International cooperation

EU platform provides new tools and good practices for the prevention of undeclared work

Source: The Ministry of Economic Affairs and Employment

The Commission supports the prevention of undeclared work with the help of a EU-level platform. In March 2016, the Commission set up a European platform against undeclared work, given how challenging it is for the authorities of Member States to address undeclared work in cross-border situations. The platform’s work focuses on: 

  • the promotion of cross-border cooperation of authorities,
  • increasing knowledge bases and competence, and
  • learning from the best practices of other countries

The prevention of undeclared work is the task of several authorities. Key operators include tax, industrial safety and social security authorities as well as the Police, border guards and employers’ organisations and trade unions.

The measures to prevent undeclared work aim to improve the working conditions and equal treatment of employees, engagement in working life and the equal competitive conditions of companies.  These can only be ensured by complying with a common set of ground rules.  Undeclared work also has a negative impact on the entire society in the form of a lower amount of collected taxes. 

What does undeclared work mean and how is it apparent?

On the level of the EU, undeclared work is defined as legal, paid activity undeclared to the authorities. It allows employers, companies and employees to avoid obligations related to social security, taxes or the employment relationship. The proportion of undeclared work between Member States varies and industry-specific differences are considerable. Reliable statistics are not available. According to latest estimates, undeclared work’s share of the GDP is approximately 1.5–7.5 per cent in Finland, 15.7 per cent in Estonia, 10.8 per cent in France, 12.2 per cent in Germany, 8 per cent in Austria and 13 per cent in Latvia.  In some Member States, undeclared work is more common due to cultural reasons alone. The manifestations of undeclared work and the operating methods of the authorities of the EU’s Member States aiming to prevent and investigate undeclared work vary. European Platform tackling undeclared work Member State Factsheets and Synthesis Report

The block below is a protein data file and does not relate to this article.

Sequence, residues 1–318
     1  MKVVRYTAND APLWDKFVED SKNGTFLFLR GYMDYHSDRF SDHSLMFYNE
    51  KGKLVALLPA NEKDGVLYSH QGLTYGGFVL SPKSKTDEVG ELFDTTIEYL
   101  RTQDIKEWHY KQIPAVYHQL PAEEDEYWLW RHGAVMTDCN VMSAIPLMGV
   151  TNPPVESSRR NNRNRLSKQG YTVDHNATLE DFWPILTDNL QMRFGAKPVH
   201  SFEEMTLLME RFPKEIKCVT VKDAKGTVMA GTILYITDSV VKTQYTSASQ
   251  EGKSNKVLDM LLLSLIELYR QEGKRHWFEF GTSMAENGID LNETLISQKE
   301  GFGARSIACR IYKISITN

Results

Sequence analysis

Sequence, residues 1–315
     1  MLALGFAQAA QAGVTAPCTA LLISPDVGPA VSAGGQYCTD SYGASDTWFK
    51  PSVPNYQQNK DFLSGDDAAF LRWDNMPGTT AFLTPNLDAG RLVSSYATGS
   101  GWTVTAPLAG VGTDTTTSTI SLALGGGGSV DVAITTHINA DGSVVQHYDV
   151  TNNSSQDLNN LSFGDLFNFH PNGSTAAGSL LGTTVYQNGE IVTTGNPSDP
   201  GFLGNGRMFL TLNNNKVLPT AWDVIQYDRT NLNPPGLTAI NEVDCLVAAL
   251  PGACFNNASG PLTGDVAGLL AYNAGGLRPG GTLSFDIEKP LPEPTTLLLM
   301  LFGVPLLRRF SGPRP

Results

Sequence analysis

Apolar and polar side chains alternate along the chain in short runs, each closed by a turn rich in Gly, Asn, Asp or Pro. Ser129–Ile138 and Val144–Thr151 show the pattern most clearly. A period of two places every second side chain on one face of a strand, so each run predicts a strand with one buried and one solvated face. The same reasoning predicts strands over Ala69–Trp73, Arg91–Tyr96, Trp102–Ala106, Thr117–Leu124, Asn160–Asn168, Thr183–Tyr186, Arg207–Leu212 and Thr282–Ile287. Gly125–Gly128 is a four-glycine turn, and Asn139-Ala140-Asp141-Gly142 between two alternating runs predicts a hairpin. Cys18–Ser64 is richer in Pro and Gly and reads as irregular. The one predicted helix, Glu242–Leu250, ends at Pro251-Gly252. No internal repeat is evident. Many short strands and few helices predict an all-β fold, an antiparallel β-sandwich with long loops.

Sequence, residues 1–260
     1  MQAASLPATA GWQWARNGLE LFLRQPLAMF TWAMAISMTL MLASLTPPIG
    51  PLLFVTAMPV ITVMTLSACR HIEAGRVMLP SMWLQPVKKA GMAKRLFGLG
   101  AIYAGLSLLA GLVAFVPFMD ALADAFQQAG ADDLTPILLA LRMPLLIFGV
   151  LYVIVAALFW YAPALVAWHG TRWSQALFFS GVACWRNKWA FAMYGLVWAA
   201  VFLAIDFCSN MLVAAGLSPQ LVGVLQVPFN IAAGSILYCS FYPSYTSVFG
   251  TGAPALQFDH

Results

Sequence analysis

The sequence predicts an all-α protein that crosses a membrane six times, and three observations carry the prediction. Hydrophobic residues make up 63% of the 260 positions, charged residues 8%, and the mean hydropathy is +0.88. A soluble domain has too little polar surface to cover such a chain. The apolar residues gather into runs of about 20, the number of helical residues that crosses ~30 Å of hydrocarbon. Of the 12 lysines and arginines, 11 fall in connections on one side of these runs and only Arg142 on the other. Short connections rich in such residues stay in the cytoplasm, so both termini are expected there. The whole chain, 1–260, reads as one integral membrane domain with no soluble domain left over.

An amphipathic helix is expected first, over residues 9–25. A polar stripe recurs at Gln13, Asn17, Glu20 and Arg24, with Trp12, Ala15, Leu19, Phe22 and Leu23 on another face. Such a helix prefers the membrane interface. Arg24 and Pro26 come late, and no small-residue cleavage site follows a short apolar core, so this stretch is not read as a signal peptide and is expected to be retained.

Key manifestations of undeclared work include

  • working without a formally binding employment contract,
  • “envelope wages”, i.e. under-reporting work to the authorities,
  • a failure to report company income to tax authorities, and
  • missing trader/entrepreneurship

The underlying reasons for undeclared work include high unemployment rates and taxes, cultural factors and the general attitude. The traditionally problematic sectors include the construction, restaurant, accommodation and transportation sectors as well as agriculture.

How does the platform support Member States in the prevention of undeclared work?

The Commission has held some 30 events within the framework of the platform aiming to increase awareness and learning to prevent undeclared work. The Commission has had research, tools and learning materials (missing trader/entrepreneurship, construction industry, data mining) done for authorities and collected 40 examples of good practices from various Member States. These measures and reports provided through the platform support the learning of the authorities of Member States and their work against undeclared work.  Learning from the best practices of other countries requires action on a national level and the willingness of each authority to assess the practices of other countries and the practices’ applicability to the authority’s own prevention measures.

National cooperation network supports the work of the EU platform

In August 2016, the Ministry of Economic Affairs and Employment established a national cooperation network comprising authorities to support the efforts of the EU platform. The network strengthens the government’s internal coordination and collaboration, and supports national strategies and programmes. One of the key tasks of the network is to distribute information on the cooperation against undeclared work, monitoring methods, new phenomena and best practices to various operators. Finland is committed to the prevention of undeclared work. The matter has been included in the programme for the prevention of the grey economy and economic crime for 2016–2020. In Finland, the work for the prevention of the grey economy and undeclared work is supported by a political commitment to the cause as well as the good cooperation and exchange of information between the authorities.


Further information on the work of the EU platform:

Finland’s representatives:
Päivi Kantanen, the Ministry of Economic Affairs and Employment:
Kirsi Kyrkkö, the Ministry of Social Affairs and Health:

European Platform tackling undeclared work